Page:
Following is a question by the Hon Starry Lee and a reply by the Secretary for Constitutional and Mainland Affairs, Mr Patrick Nip, in the Legislative Council today (June 6):
In November last year, the Government published a Consultation Paper on Review of Electoral Arrangements, launching a public consultation on three issues related to elections, including the polling hours. The consultation report was released last month. In this connection, will the Government inform this Council:
(1) as some members of the public are of the view that the existing polling hours and the time taken in counting votes are unduly long, causing impacts on society, the electors and the candidates, but the consultation report proposes that the polling hours of the Legislative Council (LegCo) and District Council (DC) elections be maintained, of the authorities' measures to alleviate the relevant impacts;
(2) as the Government has indicated in the consultation report that it will study the making of arrangements to enable those civil servants who serve as polling staff or are on shift on the polling day to cast their votes in advance, and to enable eligible electors who are Hong Kong permanent residents working or residing on the Mainland to cast their votes in advance at the offices of the SAR Government on the Mainland, whether such studies can be completed expeditiously so that the relevant arrangements can be implemented in the 2020 LegCo general election; and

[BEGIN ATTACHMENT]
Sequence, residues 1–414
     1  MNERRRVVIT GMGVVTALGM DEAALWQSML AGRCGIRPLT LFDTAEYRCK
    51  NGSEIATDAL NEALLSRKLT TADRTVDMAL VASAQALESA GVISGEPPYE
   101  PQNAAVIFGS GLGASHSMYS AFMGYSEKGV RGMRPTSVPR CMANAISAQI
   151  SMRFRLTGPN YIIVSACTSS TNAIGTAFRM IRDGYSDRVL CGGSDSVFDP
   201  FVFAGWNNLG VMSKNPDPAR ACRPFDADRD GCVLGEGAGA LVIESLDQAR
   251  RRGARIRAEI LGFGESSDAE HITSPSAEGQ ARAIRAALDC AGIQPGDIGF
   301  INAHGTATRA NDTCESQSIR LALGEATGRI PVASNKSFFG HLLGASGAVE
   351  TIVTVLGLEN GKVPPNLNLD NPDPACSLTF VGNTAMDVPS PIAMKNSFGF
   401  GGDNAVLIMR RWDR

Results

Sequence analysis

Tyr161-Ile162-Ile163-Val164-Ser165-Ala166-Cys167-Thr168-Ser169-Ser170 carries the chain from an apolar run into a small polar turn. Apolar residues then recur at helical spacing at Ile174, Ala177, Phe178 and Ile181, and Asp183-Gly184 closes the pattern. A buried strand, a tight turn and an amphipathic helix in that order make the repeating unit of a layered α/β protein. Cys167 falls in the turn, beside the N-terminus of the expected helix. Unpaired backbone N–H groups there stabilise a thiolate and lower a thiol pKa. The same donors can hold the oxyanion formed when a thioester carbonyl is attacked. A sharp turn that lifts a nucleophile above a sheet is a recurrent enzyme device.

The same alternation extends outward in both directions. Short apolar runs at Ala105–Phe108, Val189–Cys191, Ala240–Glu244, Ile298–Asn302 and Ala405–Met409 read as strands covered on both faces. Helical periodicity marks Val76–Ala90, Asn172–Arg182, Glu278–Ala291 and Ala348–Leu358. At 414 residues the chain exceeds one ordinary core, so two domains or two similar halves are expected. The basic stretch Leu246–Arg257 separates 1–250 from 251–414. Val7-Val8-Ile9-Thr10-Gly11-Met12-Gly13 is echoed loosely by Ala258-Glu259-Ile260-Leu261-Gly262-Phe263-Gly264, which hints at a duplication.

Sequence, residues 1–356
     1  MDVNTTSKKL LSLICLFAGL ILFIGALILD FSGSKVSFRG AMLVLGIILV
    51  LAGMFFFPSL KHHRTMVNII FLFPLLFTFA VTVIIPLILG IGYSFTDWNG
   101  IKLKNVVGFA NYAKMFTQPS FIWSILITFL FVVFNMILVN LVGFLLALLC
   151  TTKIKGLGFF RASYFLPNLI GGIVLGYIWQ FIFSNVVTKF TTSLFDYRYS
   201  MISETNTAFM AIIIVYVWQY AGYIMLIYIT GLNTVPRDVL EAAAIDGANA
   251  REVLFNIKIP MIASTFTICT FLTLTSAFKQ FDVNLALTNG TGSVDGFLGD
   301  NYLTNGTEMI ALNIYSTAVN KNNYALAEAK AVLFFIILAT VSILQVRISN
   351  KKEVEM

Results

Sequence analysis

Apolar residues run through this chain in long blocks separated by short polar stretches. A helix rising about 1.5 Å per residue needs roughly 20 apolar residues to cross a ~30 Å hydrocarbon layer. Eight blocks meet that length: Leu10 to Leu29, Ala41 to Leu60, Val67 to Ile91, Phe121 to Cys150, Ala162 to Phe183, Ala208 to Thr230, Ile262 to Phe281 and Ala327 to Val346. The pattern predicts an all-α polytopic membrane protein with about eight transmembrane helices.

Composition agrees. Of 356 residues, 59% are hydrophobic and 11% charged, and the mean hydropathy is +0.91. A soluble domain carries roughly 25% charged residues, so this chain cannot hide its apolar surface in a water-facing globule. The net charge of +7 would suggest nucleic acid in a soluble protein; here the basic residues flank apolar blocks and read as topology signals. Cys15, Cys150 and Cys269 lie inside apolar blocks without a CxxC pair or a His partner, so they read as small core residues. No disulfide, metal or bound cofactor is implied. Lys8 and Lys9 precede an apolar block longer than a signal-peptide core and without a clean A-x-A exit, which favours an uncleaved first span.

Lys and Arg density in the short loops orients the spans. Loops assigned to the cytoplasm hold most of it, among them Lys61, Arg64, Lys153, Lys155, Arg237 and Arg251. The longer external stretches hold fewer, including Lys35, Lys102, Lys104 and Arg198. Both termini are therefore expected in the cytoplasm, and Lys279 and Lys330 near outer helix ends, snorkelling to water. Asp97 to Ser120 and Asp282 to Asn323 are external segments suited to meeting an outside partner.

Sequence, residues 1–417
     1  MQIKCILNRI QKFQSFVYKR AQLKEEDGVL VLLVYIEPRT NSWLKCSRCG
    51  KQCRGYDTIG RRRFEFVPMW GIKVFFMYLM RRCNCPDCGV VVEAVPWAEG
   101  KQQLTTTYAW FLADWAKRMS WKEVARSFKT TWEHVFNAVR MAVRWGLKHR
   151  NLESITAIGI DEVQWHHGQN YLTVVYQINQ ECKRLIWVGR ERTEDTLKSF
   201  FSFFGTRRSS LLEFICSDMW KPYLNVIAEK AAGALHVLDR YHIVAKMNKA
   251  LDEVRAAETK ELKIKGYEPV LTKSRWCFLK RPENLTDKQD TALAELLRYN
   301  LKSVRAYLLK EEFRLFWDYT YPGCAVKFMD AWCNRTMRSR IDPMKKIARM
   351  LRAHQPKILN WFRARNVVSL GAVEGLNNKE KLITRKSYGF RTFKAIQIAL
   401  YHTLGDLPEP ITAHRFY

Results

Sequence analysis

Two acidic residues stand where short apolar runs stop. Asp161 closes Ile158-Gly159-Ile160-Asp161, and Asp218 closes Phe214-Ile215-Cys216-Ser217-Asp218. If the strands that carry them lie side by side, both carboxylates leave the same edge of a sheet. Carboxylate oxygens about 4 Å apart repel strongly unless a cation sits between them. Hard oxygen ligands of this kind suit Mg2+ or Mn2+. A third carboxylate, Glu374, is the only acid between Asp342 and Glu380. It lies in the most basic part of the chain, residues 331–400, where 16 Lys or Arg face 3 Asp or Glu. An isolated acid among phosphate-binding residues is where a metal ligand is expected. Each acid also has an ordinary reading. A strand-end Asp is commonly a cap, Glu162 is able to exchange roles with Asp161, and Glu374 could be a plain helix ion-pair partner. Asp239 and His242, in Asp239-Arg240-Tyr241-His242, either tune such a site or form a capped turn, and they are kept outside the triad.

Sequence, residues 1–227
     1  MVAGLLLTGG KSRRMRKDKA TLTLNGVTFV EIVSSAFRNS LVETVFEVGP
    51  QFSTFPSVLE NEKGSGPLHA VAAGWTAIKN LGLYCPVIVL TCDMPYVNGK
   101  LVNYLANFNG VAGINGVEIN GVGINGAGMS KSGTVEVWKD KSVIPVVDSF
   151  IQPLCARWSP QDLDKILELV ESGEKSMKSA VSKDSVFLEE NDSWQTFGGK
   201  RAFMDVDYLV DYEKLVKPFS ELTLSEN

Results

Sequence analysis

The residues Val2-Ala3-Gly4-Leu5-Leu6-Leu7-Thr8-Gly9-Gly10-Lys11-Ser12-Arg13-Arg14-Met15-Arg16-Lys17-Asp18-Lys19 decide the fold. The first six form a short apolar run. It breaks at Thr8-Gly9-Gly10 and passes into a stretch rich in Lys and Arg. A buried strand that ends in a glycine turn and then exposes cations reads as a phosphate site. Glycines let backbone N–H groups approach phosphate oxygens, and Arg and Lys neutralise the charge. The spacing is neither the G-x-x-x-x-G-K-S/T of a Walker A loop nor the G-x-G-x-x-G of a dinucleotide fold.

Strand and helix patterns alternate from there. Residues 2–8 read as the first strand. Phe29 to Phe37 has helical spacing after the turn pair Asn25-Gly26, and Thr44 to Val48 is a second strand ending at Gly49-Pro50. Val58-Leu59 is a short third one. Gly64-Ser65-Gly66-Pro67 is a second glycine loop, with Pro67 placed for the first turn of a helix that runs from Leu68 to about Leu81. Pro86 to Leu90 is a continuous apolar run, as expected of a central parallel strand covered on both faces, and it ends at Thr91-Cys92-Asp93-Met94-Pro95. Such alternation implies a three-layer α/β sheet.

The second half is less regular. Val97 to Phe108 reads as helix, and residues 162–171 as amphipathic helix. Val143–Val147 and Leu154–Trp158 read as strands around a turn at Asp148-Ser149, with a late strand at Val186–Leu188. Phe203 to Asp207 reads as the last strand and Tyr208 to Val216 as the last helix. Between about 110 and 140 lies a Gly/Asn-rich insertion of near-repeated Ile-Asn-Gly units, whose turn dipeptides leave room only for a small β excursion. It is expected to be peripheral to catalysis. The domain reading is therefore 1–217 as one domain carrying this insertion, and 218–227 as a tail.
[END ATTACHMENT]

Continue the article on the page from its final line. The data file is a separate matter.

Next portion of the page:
(3) whether it will review the vote counting arrangement for the election of District Council (second) functional constituency seats in LegCo, such as by drawing reference to the vote counting arrangement for geographical constituencies in which a polling station will be converted into a counting station immediately after the close of poll for counting votes on the spot; whether it will conduct a feasibility study on introducing electronic counting to LegCo and DC elections; if so, of the details; if not, the reasons for that?
My reply to Hon Starry Lee's question is as follows:
The Constitutional and Mainland Affairs Bureau published the Consultation Paper on Review of Electoral Arrangements in November last year and launched a public consultation that last for about seven weeks on three issues related to electoral arrangements. The public consultation period ended in late December last year. Having collated and analysed the views received, we have published the Consultation Report in mid May to set out the outcome of the consultation and our proposed way forward for the three issues.